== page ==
A recent paper published in the BMJ has suggested that breast cancer screening is not responsible for reductions in breast cancer mortality. The study compared neighbouring countries with different screening levels, and found little effect of breast cancer screening. Instead better treatment and improvements in health systems were found to be more likely to have contributed to the falling death rates.
However those working in the NHS Cancer Screening Programmes claim that screening does save lives, and the independent Advisory Committee on Breast Cancer Screening estimates breast screening saves 1,400 lives each year.
As part of the greater focus on public health and preventative health care there needs to be a reassessment of the screening offered within the NHS and how this can be done most efficiently. As a national public health system, the NHS offers far less screening than many private systems, and an analysis needs to be done of the value of different types of screening. The value of screening is both in term of cost savings for the future NHS, and the value to the individual, taking into account the likelihood of a true result, and the chance of false positives, which can be very upsetting.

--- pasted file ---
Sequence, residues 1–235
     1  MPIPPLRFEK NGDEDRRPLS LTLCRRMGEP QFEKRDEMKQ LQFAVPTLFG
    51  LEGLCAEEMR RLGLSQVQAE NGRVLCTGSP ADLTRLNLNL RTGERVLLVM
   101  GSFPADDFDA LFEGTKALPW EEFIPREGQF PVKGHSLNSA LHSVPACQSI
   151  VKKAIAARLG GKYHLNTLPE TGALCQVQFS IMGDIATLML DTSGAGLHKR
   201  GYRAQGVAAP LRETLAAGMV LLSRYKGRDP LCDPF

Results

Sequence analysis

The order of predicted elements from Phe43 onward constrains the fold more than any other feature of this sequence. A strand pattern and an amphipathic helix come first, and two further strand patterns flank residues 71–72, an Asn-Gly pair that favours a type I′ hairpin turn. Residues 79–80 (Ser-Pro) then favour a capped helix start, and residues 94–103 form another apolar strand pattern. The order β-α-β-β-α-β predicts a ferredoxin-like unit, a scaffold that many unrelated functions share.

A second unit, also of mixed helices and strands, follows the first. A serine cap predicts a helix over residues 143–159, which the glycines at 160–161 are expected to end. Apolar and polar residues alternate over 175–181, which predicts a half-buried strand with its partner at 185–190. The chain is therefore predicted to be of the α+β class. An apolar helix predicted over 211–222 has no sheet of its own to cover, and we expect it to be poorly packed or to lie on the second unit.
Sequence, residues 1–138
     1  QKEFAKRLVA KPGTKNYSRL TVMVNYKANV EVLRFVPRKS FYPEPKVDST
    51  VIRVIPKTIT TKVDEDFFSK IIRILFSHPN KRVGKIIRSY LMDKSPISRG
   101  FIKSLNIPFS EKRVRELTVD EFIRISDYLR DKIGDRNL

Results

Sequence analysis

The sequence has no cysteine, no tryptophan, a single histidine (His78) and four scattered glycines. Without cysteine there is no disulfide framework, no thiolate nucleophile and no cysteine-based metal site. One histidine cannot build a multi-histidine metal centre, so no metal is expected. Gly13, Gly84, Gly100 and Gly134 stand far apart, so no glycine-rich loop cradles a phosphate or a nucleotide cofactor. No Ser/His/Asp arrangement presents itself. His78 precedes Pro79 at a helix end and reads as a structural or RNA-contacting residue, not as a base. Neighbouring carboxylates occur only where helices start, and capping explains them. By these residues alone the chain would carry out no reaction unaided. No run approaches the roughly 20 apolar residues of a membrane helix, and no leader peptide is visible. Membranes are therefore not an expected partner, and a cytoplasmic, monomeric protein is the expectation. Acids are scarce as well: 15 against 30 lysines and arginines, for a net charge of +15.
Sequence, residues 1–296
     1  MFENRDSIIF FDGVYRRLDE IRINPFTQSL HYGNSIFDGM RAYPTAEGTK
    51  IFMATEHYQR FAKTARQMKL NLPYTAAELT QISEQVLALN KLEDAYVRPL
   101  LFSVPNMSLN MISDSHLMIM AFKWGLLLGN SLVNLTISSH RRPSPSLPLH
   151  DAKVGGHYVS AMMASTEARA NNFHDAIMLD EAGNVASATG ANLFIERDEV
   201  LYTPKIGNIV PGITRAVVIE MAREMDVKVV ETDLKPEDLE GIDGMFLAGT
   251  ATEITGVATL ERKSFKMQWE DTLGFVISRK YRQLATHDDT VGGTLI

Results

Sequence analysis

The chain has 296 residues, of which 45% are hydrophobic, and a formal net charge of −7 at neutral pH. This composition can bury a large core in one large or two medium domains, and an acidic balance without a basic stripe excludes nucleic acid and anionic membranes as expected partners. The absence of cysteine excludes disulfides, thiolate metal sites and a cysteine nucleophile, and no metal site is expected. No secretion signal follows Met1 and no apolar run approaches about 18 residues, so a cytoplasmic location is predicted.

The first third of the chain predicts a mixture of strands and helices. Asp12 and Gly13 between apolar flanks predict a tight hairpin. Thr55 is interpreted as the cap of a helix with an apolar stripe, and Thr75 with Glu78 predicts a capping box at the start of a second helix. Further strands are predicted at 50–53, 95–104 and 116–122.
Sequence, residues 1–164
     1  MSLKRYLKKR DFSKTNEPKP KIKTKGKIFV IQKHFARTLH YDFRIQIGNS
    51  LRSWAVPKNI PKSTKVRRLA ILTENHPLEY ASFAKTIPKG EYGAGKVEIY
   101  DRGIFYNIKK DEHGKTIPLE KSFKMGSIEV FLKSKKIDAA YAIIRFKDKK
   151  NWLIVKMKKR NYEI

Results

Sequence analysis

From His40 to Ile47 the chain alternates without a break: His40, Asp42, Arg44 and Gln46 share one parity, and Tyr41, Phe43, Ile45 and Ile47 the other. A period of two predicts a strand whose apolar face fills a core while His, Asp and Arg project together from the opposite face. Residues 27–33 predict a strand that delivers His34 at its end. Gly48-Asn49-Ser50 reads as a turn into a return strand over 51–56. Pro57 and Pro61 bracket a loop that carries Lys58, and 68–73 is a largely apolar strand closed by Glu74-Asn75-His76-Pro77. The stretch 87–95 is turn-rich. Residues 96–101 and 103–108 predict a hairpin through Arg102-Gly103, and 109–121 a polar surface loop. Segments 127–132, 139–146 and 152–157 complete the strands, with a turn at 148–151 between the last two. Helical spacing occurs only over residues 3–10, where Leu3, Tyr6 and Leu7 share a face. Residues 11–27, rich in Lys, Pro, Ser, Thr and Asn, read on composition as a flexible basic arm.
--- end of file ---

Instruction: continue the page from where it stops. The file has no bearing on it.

In addition a rationalisation of health screening should be considered with screening for different diseases and lifestyle advice brought together into one consultation. We welcome the development of the NHS Health Check, which includes various types of health screen, but feel that there are other areas that could be assessed for inclusion in this check, such as alcohol consumption.